A quick and effective way to grow/expand your business is buying another business, whether it is buying a competitor or a supplier in order to vertically integrate. And, with interest rates so low these days, now may be a great time to start considering expanding your business through acquisition.

There are two ways to buy a business: an equity purchase and an asset purchase. In an equity purchase you buy the the company (whether corporation or limited liability company) that operates the business. Here the owners of the company will sell their shares (or membership interests as the case may be) to the buyer. In an equity purchase, since it is the company that is being purchased, that company will continue to exist after the transaction and so will its debts and liabilities.

In an asset purchase, instead of buying the company itself, the buyer purchases the assets used to operate the business. This includes real property, equipment, inventory, intellectual property (websites, trademarks) and the assignment of existing contracts. Since only the assets are being transferred, any debts or liabilities of the acquired business will remain with the company/seller and not pass to the buyer.

When acquiring a business there are four main components of the transaction: the initial offer and negotiations that can be documented in a letter of intent, negotiations of the purchase agreement, the due diligence and the closing.

Letter of Intent
A Letter of Intent (LOI) or a term sheet should be used to memorialize the initial negotiations, which significantly and efficiently helps move the transaction along. The core terms of the transaction, such as, the purchase price, financing terms, and restrictive covenants, are agreed upon in the LOI. The LOI, however, is typically non-binding, which means that either party retains the right to walk away from the transaction. While non-binding, the LOI is still very useful because it requires the parties to come to terms on the important aspects of the transaction And the more that is laid out and agreed to in the LOI, the quicker the next stage of the transaction will go.

Purchase Agreement
Once the core terms of the purchase are agreed to, then it is time to move on to the purchase agreement. The purchase agreement is a binding contract that will be significantly more extensive than the LOI since it contains all the terms of the purchase. In addition to the core terms covered in the LOI, matters such as due diligence items and procedures, warrants and representations, indemnification, closing procedures, conditions required for closing, dispute resolution, and confidentiality. Since the purchase agreement is binding on the parties once executed, a party would be in breach of contract should the party attempt to walk away from the transaction. In that case, the non-breaching party may be entitled to monetary damages, as well as the right to force the other party to proceed with the transaction.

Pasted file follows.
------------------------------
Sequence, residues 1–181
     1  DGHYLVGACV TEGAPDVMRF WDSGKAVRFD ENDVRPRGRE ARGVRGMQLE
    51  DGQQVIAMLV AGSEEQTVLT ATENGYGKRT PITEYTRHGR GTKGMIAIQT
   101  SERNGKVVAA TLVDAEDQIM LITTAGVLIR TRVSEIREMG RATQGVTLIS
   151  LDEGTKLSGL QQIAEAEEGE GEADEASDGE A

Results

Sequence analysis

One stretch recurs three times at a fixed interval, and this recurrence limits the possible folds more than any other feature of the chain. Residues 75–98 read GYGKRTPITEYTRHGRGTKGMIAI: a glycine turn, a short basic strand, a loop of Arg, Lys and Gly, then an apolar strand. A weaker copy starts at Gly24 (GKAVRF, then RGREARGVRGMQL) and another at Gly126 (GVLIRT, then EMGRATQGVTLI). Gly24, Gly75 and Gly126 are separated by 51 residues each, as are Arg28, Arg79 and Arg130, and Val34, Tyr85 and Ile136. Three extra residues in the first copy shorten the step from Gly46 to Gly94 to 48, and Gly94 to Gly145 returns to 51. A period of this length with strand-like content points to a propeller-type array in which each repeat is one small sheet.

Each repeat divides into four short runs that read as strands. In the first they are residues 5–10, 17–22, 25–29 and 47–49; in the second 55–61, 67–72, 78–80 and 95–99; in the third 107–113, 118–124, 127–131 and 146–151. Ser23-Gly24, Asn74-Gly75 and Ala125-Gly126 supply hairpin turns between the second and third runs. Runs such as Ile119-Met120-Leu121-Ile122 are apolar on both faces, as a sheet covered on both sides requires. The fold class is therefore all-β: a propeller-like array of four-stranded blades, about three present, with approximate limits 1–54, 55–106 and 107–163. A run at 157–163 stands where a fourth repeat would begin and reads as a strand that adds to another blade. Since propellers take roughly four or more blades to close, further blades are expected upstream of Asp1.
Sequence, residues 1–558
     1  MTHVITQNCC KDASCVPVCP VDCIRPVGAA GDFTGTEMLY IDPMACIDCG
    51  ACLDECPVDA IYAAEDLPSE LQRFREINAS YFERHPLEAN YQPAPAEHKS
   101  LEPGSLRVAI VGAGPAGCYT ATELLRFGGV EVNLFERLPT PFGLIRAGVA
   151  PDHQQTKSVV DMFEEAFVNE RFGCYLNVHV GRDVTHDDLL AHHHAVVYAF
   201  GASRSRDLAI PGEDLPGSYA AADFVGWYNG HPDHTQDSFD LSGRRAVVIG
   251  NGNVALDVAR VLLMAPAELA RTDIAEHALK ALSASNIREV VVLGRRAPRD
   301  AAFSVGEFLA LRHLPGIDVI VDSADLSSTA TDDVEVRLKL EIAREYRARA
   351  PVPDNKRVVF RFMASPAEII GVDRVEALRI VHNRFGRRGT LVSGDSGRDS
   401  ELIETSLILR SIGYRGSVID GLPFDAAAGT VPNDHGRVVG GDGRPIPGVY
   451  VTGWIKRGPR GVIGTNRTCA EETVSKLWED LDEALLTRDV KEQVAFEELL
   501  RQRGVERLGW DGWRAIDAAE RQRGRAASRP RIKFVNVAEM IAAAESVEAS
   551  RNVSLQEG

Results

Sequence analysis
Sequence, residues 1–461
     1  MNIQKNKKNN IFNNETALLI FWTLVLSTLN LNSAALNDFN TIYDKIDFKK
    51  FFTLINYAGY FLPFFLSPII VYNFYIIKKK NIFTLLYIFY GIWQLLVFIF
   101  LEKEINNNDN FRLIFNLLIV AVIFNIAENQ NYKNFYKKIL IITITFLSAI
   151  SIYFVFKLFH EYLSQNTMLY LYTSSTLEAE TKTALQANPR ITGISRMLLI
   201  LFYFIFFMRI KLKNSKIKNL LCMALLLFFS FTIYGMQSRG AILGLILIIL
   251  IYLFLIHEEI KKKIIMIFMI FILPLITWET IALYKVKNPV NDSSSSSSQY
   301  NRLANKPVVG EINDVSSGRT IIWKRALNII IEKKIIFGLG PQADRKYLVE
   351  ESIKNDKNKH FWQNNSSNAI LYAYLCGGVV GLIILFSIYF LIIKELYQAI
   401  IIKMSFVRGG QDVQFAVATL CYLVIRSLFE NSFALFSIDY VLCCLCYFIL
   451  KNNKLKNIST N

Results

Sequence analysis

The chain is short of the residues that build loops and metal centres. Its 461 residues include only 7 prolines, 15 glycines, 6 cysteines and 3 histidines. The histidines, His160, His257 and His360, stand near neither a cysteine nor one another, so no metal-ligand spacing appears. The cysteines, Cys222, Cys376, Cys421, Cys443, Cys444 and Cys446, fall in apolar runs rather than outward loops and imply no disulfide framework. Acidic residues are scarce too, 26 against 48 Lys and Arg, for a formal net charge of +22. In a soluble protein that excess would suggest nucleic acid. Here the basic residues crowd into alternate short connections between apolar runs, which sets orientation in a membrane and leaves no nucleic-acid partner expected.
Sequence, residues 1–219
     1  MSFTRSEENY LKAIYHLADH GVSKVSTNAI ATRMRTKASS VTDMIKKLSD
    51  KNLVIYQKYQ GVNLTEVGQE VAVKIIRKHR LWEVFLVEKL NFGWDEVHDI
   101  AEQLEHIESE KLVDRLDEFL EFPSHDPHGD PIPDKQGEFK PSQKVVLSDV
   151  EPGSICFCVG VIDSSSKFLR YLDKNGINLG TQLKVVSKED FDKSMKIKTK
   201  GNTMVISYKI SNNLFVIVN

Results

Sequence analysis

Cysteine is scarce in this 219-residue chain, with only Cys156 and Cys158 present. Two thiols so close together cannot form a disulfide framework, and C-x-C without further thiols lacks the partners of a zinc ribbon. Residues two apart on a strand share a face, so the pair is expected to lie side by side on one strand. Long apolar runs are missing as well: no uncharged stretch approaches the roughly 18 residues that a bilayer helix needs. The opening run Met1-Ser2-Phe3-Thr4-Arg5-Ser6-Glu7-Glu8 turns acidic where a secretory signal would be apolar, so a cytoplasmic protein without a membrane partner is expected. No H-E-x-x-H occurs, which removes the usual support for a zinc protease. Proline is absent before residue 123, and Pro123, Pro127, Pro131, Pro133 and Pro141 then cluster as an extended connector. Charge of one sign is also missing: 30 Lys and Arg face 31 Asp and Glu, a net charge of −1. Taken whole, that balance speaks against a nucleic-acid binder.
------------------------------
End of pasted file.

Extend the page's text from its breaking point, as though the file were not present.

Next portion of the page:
Due Diligence
Once the purchase agreement is executed the due diligence period will begin. Due diligence gives the buyer the opportunity to verify information about the business being acquired by reviewing the business’ financial records, contracts, assets, physical locations, employment records and any other information that is important to the buyer. During the due diligence, the buyer typically has the opportunity to walk away from the deal without any penalty and for any reason. During the due diligence period it is also prudent to begin working on any third-party approvals that are necessary for the transaction, such as minority owners, landlords, mortgagors, secured creditors, or franchisors.

The closing finishes the transaction and officially transfers the business (or assets) from the seller to the buyer. The buyer will pay the purchase price, and the seller will execute any documents necessary to effectuate the transfer. In the case of an equity purchase, the seller will assign the shares or membership interests; and in the case of an asset purchase, the seller will execute assignments for intangible property, bills of sale for tangible property, and deeds for real property. Also, key personnel of the seller may also be required to execute post-closing restrictive covenants, such as a non-compete or confidentiality agreement.

As a business owner’s law firm, Ser & Associates regularly assists its clients in both buying and selling businesses. If you are interested in or already in the process of buying a business, we would be happy to assist you in the process. Please feel free to contact us today at 305.222.7282. Also, please be sure to visit us at www.Ser-Associates.com and follow us on Instagram, Facebook, and/or LinkedIn.

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